Huayi Lands ‘Moonfall’ Roland Emmerich Space Adventure for China

Huayi Brothers, one of China’s leading film studios, has come on board sci-fi film project “Moonfall” as mainland Chinese distributor and as an executive producer.

To be directed later this year by action adventure maestro Roland Emmerich, the project was one of the hottest properties when first offered to buyers last year during Cannes. But completing the Chinese deal has been a galactic journey.

Moonfall” centers on a mysterious force knocking the moon from its orbit around Earth, which sends it hurtling on a collision course with life as we know it. In response, a ragtag team launches an impossible last-ditch mission into space to land on the lunar surface and save Earth from annihilation. The cast is not yet set.

With a 2012 spec script penned by Emmerich, Harald Kloser and Spencer Cohen, the movie was originally set up at Universal. But the studio later put it into turnaround, prompting the filmmakers to independently piece together funding for the film’s reportedly $150 million budget.

The rights sales and financing are handled by Stuart Ford’s AGC Studios and CAA Media Finance. With Emmerich’s track record in the genre including “Independence Day,” “2012” and “Stargate,” they were quickly able to secure deals in major territories including Latin America and Germany.

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In November Lionsgate confirmed that it had bought rights in North America, a renewal of the partnership which saw Emmerich’s World War II epic “Midway” amass a $57.6 million haul in the fall of 2019. At the time, the companies reported that “Moonfall” will shoot this year and be released in 2021. No China release date has been announced, but sources said that it would likely be kept as close as possible to the North American outing.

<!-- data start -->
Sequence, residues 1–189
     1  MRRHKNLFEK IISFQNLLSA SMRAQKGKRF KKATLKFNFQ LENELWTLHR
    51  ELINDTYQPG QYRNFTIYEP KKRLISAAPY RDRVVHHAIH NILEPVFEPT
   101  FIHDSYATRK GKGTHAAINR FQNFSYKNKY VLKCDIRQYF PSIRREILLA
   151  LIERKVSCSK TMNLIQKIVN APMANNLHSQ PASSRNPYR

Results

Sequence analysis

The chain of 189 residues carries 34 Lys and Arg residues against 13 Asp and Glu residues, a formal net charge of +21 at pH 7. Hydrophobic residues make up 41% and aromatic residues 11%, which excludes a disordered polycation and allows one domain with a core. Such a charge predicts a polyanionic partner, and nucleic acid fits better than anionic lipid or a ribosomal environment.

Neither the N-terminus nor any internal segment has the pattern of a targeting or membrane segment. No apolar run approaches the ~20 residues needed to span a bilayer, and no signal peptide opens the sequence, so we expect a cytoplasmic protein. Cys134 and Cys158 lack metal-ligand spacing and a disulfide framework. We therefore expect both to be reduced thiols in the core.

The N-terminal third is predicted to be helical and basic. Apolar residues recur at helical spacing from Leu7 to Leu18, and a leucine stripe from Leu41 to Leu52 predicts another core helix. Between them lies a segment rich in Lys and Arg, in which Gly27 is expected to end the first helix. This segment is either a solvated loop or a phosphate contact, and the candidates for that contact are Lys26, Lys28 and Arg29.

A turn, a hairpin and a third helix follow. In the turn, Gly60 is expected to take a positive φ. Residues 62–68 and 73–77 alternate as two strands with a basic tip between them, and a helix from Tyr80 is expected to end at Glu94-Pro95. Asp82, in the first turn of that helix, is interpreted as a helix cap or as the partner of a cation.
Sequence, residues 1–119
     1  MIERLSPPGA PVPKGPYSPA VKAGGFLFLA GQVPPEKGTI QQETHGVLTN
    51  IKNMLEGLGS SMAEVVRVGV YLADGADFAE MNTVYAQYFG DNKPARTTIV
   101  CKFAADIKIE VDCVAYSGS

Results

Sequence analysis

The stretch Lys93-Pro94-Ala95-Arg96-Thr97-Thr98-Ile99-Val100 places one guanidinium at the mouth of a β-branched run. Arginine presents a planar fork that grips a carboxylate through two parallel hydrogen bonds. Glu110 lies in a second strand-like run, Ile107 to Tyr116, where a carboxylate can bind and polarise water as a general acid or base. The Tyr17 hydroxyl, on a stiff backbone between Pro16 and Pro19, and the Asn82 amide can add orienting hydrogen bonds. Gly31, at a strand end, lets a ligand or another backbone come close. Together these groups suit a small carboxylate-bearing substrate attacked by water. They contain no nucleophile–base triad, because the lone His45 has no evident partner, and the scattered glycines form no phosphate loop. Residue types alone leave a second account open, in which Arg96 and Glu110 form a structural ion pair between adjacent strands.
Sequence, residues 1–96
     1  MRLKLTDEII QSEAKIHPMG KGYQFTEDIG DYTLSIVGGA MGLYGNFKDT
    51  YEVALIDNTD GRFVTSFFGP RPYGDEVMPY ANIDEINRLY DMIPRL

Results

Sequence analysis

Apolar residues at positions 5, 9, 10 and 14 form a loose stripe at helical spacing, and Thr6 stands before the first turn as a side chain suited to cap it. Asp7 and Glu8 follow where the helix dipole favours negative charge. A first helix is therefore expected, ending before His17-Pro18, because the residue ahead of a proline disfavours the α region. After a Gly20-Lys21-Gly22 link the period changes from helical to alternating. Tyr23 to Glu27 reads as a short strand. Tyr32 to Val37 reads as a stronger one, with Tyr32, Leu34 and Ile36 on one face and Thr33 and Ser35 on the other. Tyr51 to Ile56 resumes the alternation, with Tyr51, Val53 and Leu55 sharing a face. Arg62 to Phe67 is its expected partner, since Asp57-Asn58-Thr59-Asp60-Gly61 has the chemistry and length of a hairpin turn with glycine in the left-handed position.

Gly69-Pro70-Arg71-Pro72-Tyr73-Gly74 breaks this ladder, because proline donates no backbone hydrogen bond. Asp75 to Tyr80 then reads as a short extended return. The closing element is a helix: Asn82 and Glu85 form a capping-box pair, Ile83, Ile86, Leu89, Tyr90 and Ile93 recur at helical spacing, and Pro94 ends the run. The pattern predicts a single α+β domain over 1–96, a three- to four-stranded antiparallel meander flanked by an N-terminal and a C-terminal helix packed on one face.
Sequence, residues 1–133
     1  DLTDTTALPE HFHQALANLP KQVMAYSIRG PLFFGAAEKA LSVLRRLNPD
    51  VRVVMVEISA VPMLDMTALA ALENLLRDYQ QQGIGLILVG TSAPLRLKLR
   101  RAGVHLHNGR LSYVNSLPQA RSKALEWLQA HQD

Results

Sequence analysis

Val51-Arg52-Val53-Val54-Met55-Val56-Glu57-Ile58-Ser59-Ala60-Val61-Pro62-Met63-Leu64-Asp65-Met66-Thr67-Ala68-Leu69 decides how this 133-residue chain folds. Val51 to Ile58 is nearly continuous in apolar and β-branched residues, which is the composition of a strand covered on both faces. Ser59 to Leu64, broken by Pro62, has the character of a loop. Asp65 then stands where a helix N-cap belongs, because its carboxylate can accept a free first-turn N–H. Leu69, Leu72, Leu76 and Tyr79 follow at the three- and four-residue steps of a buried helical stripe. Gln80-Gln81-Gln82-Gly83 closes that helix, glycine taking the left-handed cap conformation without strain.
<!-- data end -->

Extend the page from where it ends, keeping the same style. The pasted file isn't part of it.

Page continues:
But, with any large-scale indie film project, the Chinese component is potentially one of the largest and most complicated. That is due to rights issues, potential import and censorship matters, and the problem that Chinese companies have in shifting large amounts of capital outside national borders. Huayi’s distribution rights component only covers mainland China, and leaves aside Taiwan, Hong Kong and Macau.

The deal, however, is an unlikely success for Huayi. Emmerich has significant ties to another Chinese studio and, for the past two years Huayi has been dogged by widely-documented financial difficulties. These relate in part to Huayi’s role in the controversial Fan Bingbing film “Cellphone 2,” and to the government-mandated cancellation of the release of Huayi’s $80 million war film “The Eight Hundred.”

Emmerich’s “Midway” performed only weakly in China, grossing $42 million from a mid-November release. That was a disappointment to the pair of Chinese finance companies that put up a substantial portion of the equity component of its $100 million budget.

But the sci-fi genre is enduringly popular in China, due to both specific imported titles and the success of local films. Chinese-made “The Wandering Earth” was released in February last year and now stands third on the all-comers box office list in China with a $669 million haul.

Several prominent Hollywood space-themed films including “2012,” Alfonso Cuaron’s “Gravity” and Ridley Scott’s “The Martian” has included significant Chinese plot lines or characters. It is currently unclear whether “Moonfall” has sufficient Chinese elements to give it that fillip or even to make the film a China co-production.

Huayi’s deal is not tied to the specific inclusion of Chinese story elements or the casting of Chinese stars. Such decisions are likely to depend on Emmerich’s final draft of the screenplay.

Emmerich has significant film-making ties to China. Huayi’s arch rival Bona Film Group was the distributor of “Midway” and co-financier of Emmerich’s “Independence Day: Resurgence” through a deal with TSG and 20th Century Fox. The director was a guest of honor at Bona’s anniversary jamboree in Shanghai in June last year.

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